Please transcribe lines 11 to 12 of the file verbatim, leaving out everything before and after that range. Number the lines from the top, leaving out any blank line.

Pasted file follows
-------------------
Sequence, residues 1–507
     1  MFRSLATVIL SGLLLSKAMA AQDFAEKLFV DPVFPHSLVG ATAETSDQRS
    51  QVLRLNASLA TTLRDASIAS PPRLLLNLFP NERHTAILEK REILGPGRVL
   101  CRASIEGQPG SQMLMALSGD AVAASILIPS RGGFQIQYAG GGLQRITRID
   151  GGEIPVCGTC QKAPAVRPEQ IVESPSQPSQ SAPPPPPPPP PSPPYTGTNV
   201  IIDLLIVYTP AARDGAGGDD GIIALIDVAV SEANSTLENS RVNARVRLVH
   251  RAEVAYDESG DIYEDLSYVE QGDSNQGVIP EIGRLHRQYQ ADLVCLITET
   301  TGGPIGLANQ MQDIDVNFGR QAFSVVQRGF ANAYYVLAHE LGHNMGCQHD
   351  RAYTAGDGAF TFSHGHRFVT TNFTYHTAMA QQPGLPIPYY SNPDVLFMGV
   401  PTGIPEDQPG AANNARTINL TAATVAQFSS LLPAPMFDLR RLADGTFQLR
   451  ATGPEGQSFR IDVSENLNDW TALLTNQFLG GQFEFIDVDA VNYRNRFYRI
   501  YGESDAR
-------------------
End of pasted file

   451  ATGPEGQSFR IDVSENLNDW TALLTNQFLG GQFEFIDVDA VNYRNRFYRI
   501  YGESDAR